Viral Facebook posts claim President Donald Trump has endorsed a supposed “Congressional Reform Act of 2017.” But no such bill exists. The text in the posts has circulated for years without references to Trump, and it is riddled with false claims.
In the final week of a hotly fought Republican primary in North Carolina, one congressional candidate accuses his rival — in a mailer sent to GOP voters — of being a “Big Money Donor” to Democrats. And he accuses another of breaking a tax pledge. But we find both claims by wealthy businessman and former state Sen. Robert Pittenger are off the mark.
In truth, financial adviser Dan Barry, the supposed “Big Money Donor,” contributed to 11 Republicans and only two Democrats in national races between 2003 and 2011.
When Jeanie Fusaro received a constituent mailer from her congressman about what’s going on in Washington, she thought: “They think we’re stupid because we’re seniors. They didn’t think we’d do our homework.”
Fusaro, 66, was particularly skeptical of the letter’s statement that reports “predict higher unemployment for the next two years.”
“That automatically incites people,” Fusaro said.
The unemployment claim was one of several misleading statements we found in the mailer Fusaro sent to Spin Detectors.
In a mailer to constituents, a Republican congressman claims 27 “bipartisan bills” have passed the House but “hit a brick wall” in the Democratic-controlled Senate. But most of the bills are not very “bipartisan.” A majority of House Democrats voted against all but five of the 27 proposals, sometimes overwhelmingly. One of these “bipartisan bills” had the support of only four Democrats, and another had the support of just eight.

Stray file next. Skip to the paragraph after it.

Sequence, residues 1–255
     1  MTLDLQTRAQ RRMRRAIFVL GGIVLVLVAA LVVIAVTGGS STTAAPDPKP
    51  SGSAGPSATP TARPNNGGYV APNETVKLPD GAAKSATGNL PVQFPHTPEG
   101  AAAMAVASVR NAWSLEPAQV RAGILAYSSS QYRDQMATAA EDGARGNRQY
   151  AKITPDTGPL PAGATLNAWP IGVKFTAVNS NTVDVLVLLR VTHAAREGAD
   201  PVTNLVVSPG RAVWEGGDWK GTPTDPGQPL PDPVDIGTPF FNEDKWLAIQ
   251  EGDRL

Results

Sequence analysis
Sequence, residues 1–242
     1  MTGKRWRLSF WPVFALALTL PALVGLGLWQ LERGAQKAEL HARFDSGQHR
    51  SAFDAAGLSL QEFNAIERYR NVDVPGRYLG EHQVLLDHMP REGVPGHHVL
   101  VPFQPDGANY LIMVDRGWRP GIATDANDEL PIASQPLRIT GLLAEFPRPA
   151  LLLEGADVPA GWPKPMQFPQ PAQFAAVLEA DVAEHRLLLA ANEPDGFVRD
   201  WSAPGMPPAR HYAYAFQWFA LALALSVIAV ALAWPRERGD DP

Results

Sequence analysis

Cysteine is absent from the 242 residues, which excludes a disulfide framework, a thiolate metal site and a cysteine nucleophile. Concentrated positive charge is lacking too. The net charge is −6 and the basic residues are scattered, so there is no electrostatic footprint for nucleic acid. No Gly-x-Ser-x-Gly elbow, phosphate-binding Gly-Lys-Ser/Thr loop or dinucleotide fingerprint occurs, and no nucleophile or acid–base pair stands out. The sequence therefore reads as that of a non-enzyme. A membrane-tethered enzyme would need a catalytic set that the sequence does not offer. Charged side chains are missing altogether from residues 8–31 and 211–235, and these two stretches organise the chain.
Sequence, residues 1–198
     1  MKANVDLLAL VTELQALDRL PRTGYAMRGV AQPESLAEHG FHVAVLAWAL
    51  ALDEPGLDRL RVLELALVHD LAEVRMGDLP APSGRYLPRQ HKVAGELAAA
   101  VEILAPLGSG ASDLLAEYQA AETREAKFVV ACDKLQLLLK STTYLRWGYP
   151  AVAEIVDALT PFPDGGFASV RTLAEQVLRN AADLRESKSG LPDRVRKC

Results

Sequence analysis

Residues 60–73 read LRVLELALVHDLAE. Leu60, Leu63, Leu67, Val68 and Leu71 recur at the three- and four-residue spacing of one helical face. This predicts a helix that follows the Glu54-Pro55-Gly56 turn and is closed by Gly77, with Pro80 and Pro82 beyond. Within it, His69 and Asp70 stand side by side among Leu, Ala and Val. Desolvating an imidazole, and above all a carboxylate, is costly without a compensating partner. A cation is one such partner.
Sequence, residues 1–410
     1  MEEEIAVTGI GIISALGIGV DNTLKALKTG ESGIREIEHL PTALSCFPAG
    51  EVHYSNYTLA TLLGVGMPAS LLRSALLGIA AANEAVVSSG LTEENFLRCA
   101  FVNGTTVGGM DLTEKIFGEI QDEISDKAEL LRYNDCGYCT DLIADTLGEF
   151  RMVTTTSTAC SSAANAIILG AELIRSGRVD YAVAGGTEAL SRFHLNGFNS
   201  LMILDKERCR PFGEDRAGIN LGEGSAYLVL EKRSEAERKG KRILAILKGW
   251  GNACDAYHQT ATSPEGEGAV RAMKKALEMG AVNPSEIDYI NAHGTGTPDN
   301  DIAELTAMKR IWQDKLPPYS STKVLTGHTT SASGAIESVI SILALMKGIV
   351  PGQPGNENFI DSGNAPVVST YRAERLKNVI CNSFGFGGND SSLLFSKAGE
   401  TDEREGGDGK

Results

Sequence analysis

The mailer — sent out by Georgia Rep.
Contrary to persistent Internet rumors — which we debunked in "Zero Pay Raise for Congress, Too" on Sept. 25, 2009, and again in "Retribution Fabrication" on Jan. 8 — there was no pay raise for members of Congress this year. Congress voted over a year ago to deny itself the automatic increase that would have gone into effect in January.
And now there will be no pay raise for House or Senate members next year, either.
Q: Does the health care bill specifically exempt members of Congress and their staffs from its provisions?
A: No. This twisted claim is based on misrepresentations of the House and Senate bills, neither of which exempts lawmakers.
Q: Did Congress raise its own pay for 2010 while voting to deny an increase for Social Security recipients?
A: No. A chain e-mail calling for "retribution" in the fall elections makes false claims and uses fabricated figures.
Q: Is the Social Security Administration paying $24 million to set up new electronic medical records for members of Congress?
A: False. The money is going to speed processing of applications for disability benefits. Furthermore, the money is coming from the stimulus bill and not from “withholding cost of living increases."
Q: Did Obama grant federal workers a pay raise for next year when Social Security recipients are getting no increase?
A: The president acted to hold down the federal pay raise to 2 percent next year.